A team of researchers have released a paper detailing a handheld pen-like sensor which changes color when it detects toxic vapors — and that can be relied upon to warn the wielder of everything from spoiled food to nerve gas.
There are a range of gases which are incredibly toxic to human beings, but the list of gases we can reliably detect — through smell or otherwise - before their toxicity becomes a problem is unfortunately lower. The "AIE Handy Pen" is a device which aims to resolve that: A handheld sensor which changes color when exposed to particular toxic gases.
The pen operates through aggregation-induced emission fluorogens (AIEgens), which light up when exposed to particular gases. AIEgens aren't a new concept for gas sensing, but previous efforts have used them in liquid form; the AIE Handy Pen, by contrast, puts them into a needle-like fibre at the end of a handheld pen, making it considerably more portable than previous efforts.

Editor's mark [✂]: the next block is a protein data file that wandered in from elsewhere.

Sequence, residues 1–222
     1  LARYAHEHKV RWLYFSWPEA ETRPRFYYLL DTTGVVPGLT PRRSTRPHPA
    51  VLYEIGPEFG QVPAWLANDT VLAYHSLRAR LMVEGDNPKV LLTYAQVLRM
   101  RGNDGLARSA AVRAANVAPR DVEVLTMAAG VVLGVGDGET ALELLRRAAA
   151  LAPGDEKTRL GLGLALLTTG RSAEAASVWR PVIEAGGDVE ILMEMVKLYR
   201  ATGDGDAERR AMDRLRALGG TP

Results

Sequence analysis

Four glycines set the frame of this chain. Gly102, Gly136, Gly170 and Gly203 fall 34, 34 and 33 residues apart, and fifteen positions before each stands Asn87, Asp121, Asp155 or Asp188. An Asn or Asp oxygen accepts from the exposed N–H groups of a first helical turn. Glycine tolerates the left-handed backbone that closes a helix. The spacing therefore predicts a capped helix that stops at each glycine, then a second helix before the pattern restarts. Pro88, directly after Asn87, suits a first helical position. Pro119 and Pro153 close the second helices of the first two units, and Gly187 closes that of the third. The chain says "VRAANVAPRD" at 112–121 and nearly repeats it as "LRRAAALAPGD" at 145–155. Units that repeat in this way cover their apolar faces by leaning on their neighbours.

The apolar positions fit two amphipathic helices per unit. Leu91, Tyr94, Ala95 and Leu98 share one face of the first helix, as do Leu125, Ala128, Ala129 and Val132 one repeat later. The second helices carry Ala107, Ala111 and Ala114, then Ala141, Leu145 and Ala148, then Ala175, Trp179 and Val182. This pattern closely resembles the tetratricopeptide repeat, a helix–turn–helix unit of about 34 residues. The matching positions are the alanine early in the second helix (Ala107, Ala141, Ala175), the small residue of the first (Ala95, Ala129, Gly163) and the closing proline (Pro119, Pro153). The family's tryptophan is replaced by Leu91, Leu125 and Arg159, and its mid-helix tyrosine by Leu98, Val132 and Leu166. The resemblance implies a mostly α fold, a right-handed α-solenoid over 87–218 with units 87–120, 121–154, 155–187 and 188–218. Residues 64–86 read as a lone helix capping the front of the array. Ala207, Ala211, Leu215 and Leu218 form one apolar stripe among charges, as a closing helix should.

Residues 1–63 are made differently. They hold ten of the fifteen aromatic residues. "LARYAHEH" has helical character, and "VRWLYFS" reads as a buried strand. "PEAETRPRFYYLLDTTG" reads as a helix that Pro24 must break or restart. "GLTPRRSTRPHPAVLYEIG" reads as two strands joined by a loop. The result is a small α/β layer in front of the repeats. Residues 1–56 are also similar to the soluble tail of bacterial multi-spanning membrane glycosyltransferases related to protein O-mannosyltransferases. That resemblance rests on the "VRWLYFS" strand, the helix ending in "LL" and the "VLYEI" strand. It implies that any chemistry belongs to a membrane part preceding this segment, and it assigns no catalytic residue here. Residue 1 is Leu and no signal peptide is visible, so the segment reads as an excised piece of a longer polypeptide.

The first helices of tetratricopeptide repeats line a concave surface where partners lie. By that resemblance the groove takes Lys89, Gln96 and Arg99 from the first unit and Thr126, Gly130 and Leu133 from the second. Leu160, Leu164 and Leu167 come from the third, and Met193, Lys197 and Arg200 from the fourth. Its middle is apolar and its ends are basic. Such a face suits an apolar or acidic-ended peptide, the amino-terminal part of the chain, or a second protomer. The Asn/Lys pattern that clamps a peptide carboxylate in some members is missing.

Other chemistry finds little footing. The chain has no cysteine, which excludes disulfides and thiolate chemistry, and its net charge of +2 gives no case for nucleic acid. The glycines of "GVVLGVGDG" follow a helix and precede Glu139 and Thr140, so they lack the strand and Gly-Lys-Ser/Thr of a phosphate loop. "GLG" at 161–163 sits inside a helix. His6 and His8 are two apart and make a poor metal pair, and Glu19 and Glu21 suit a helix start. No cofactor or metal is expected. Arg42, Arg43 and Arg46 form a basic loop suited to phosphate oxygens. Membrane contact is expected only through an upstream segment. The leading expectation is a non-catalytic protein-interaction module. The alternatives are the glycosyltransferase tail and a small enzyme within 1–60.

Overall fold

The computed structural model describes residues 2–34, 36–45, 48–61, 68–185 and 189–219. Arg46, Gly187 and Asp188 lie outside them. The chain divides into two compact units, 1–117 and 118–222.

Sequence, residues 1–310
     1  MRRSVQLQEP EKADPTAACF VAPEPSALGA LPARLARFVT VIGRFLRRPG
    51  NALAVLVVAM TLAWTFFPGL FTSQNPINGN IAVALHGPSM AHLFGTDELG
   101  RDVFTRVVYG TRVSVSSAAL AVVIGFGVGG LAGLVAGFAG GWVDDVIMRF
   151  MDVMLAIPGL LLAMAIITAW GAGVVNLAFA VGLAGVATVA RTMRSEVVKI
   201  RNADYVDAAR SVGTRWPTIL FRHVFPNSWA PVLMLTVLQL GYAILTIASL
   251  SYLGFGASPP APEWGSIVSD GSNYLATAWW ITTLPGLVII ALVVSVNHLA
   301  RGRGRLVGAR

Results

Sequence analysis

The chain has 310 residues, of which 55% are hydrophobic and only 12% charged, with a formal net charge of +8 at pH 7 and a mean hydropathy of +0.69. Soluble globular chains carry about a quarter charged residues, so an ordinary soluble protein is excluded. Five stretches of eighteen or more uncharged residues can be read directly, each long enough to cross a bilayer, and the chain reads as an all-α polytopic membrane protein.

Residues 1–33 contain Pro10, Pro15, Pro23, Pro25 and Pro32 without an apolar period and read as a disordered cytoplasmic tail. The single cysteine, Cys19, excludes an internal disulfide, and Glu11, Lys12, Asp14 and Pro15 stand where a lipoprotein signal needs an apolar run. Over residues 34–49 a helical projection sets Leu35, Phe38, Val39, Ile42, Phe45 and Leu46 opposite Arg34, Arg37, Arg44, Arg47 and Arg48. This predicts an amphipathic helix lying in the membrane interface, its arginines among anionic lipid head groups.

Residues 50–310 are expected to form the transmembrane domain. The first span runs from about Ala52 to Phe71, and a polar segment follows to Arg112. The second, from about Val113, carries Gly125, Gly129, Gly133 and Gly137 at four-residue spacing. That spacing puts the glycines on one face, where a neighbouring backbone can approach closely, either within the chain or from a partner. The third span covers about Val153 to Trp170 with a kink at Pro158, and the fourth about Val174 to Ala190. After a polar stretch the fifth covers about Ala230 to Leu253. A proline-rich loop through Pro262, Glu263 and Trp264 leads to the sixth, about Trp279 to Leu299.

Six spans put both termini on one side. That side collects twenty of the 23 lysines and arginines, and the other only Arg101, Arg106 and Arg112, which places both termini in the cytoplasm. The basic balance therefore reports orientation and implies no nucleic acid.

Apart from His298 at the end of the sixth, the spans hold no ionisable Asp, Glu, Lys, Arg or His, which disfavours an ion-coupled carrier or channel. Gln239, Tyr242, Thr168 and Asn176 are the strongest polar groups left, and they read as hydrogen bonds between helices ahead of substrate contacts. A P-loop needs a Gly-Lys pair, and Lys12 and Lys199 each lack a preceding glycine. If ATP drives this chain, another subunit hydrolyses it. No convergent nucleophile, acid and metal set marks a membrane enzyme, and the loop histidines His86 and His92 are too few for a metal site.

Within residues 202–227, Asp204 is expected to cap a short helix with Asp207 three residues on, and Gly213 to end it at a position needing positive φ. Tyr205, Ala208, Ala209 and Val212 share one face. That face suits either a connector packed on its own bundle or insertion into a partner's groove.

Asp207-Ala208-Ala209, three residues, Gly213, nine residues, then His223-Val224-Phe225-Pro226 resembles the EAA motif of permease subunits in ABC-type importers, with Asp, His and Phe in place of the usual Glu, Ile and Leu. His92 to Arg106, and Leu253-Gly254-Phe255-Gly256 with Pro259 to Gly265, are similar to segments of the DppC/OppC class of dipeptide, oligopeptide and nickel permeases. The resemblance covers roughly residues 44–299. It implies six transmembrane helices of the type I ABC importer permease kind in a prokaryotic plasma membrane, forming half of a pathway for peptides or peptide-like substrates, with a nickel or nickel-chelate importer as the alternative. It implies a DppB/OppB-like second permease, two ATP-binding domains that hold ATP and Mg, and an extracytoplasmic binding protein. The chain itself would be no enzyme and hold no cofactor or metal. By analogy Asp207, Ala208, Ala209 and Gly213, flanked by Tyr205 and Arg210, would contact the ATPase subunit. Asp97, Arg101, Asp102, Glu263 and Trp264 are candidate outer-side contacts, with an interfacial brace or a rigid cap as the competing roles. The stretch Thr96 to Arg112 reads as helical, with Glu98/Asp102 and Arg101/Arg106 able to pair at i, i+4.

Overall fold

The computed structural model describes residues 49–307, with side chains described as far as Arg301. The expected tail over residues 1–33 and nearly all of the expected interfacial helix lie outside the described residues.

"Thanks to its unique solid-state emission characteristics, the AIEgens can be illuminated upon exposure to gaseous compounds on the fibre, and the fluorescence of the reacted AIEgens could be easily visualized under UV-illumination," the research team explains in the paper's abstract.
"The detection limit could be as low as 3.4 ppb [parts per billion] (for DCP vapors [diethyl chlorophosphite, a nerve gas]) or 0.2 ppm (for amine vapors [produced by rotting food]) with the minimal detection time of 30 min (for DCP vapors) or 5 min (for amine vapors). This AIE pen could be easily expanded by decoration of different kinds of responsive AIEgens for on-site analysis of various toxic vapors."
During testing, the team exposed the amine-sensing pen to salmon which had been refrigerated and compared it to salmon which had been left at room temperature for 48 hours: The pen successfully determined which was which, and returned to its normal color when removed from the area - proving that the sensor is reversible and reusable.
The work has been published in the journal ACS Materials under closed-access terms.